Earlier in the year Rockstar hit the dusty trail with what was sure to be their new giant, Red Dead Redemption. The old western “GTA Goes West” is just that, a sandbox action game set in a fictitious area on the US/Mexico border circa 1910. The Old West is a dying place, industrial revolution, Federal government, and all sorts of new found trickery and deceit have made their way across the Mississippi and into Rockstar’s final bastion for Cowboys, Indians, and outlaws.
The game starts off by introducing us to John Marston, our stoic cowboy anti-hero who is being lead off a boat into a small town, Blackwater. The cutscene continues with two men, clad in suits, bowlers, and sporting badges, escorting John to an expecting locomotive, with a trio sharing a few back and forths. Jon takes a long train ride far into the heart of the state, all the while hearing conversation from two snoody rich ladies, and a young woman talking to a priest. After following a bit more of this linear, cutscene-infused prologue before Rockstar cuts you lose into the Old West.
I don’t want to give too much of the story away, so I’ll cut it there. RDR was a game that I waited a few months to spring on, after seeing the initial rush to buy it, and the countless number of friends playing it online. I would call myself a fan of Rockstar and their tried and true system ala Grand Theft Auto, and I hoped this new Western flavor would tickle my gaming taste buds with something new that I so craved. I’m here to say I am excited, yet disappointed with it.
Red dead redemption holds strong to the label “GTA: Wild West” in the sense that it is mostly just that. The game takes place over the sprawl of New Austin and part of Mexico, with mountain ranges and lakes as borders. Towns are few and far between in New Austin, be it the iconic old time town feel of Armadillo, with its two story saloon complete with shady folks and piano ditties, or the bustling would be metropolis of Blackwater, a town that seems to blend the coming industrialization with the last ditch efforts of the west to cling on with bare hands.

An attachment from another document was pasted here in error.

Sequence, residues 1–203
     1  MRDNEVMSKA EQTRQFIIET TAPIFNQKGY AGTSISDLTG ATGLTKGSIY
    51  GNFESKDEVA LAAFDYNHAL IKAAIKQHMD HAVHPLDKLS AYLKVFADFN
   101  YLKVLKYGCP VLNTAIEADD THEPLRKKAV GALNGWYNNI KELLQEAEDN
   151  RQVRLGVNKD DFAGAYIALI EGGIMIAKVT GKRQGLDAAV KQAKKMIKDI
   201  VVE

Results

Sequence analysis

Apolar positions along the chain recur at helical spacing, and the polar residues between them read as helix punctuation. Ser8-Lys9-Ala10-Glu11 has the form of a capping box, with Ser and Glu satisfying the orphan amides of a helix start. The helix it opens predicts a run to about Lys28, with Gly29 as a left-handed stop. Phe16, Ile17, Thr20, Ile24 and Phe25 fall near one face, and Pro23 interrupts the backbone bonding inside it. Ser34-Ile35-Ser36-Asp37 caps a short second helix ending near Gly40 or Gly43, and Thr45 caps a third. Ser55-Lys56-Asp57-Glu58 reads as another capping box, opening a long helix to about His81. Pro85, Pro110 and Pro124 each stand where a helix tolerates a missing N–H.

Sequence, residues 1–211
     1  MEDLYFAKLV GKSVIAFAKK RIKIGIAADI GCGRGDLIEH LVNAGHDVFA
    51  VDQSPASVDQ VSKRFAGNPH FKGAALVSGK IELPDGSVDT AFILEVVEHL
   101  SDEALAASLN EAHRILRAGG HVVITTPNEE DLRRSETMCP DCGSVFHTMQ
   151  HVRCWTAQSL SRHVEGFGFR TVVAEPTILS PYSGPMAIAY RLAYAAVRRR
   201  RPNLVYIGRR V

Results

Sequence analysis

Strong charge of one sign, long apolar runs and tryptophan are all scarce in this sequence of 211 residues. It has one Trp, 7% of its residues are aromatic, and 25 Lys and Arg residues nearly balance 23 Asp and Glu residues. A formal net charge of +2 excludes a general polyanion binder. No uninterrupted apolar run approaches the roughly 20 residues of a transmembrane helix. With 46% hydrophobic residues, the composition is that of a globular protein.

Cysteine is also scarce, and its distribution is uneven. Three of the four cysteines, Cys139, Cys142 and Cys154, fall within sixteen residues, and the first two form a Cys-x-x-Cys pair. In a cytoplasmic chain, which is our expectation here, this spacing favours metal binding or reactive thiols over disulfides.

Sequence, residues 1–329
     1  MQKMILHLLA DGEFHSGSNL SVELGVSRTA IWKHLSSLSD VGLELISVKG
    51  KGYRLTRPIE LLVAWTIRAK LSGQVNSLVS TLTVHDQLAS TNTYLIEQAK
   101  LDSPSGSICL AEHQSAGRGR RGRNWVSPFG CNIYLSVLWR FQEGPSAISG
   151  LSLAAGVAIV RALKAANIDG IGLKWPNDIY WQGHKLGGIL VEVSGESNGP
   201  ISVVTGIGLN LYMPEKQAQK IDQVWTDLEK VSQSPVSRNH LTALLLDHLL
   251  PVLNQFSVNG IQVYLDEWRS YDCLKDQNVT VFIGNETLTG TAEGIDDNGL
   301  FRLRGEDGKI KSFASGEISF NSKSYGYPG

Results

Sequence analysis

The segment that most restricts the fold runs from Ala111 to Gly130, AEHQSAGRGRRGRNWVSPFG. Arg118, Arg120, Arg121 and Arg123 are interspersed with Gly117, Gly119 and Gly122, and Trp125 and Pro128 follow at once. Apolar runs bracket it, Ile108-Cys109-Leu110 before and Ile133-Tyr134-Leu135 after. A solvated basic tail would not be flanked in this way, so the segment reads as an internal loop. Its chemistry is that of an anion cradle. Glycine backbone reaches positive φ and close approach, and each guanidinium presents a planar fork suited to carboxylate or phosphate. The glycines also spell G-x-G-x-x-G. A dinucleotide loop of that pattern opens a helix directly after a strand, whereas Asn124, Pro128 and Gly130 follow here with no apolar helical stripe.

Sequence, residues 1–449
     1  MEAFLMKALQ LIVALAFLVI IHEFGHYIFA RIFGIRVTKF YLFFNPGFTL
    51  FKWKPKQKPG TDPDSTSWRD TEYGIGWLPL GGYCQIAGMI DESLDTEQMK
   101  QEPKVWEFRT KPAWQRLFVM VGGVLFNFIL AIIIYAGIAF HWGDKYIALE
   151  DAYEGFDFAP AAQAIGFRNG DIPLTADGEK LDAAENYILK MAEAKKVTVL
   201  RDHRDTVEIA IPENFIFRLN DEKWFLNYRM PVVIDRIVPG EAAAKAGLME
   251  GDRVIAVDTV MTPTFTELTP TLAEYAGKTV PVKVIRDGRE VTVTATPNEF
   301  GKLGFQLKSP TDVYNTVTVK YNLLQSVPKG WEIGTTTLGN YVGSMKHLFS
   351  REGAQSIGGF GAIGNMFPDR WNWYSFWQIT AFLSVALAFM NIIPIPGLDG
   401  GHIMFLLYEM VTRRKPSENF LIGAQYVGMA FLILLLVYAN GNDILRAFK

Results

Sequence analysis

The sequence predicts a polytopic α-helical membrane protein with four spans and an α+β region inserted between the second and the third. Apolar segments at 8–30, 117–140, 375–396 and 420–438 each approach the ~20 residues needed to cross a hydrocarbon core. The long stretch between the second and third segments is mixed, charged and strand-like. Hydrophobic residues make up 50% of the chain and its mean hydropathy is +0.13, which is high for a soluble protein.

Scenery in Redemption is spectacular, be it the snow-covered mountains to the north, the rolling plains outside Blackwater, or the endless desert that is Mexico, with its occasional oasis in the form of a settlement or compound. Rockstar did a good job giving players a big map to stomp around in. Many have complained that we get a lot of open space and not alot to fill it, but once you take into consideration this is 1910 Southern Texas and not 2000’s New York, the lack of filler is explainable.
You get the basic GTA layout in form of the HUD, with a circular map, the same letters to identify quest givers, icons to denote fast travels, stores, etc. The aiming system has changed slightly with the new “dead eye” mode. Aiming is as simple as holding the left trigger, John pulls out whatever gun, knife, lasso, or molotov you have equipped, and if you’re close enough to a baddy (or anyone) it will automatically snap to them. From this snap you can make minor adjustments with the right stick to fine tune your ass kicking.
Dead Eye itself is a bit of bullet time mixed with a fancy auto aim system. Activate dead eye and time slows down, and the screen gets a lovely sepia tone. At level one of three, you simply have time to superfine tune your shots, to say shoot someone in the foot and knock them off a building, or shoot a gun from their hand. Level two takes it a step further by automatically putting X’s across whatever you drag your cross hair over. When the X’s equal however many bullets you have, or you pull the trigger, John unleashes hell upon the pre-marked spots. At level three you have freedom to pick whatever you want (Object, person, etc) and add an X to later shoot. All in all the dead eye system is nice, and can be a great help in sticky situations.
The overall pace of the game is a bit iffy, after around 16 hours of play and you’ll be done with the story, assuming you don’t waste time on side missions (which I didn’t) and things of that nature. The side missions themselves are varied and pop up as either random encounters, or people milling about towns looking for help. You get a handful of generic “someone stole my horse/cart/purse/etc, go get it back” missions, and a handful of interesting bandit traps, but all in all the variety is slim. The game has challenges such as killing so many animals, skinning so many, killing a certain number without reloading, et. All of these minor things help to break up the monotony of the story missions, and help you to earn income when you aren’t looting it from the corpses of dead bandits, towns people, or just about anyone else you kill.
The bottom line is this, Red Dead Redemption is a great game, the story is interesting, the characters are unique and there is much commentary on the way the Old West truly was. Multiplayer is a sort of free for all on the map, 16 person servers allowing for groups to roam about and do small missions, battle each other and things of that nature. It is an interesting concept that seems very hollow at the moment, but plans for add-ons, zombie modes, poker and mini games to spice up the experience could well make it worth it, assuming you’re willing to dish out the $10 a pop per DLC.
Red Dead is a great singleplayer experience, while the multiplayer lacks in some aspects the promise of new additions to both single and online play could well make it a hit even months after release. The sometimes clunky movement, and fidgety camera were my only major turn offs. The game does a good job of giving you a massive bit of the old west to tread through, while still maintaining a fun environment.
Final Score 8.0/10 (Great)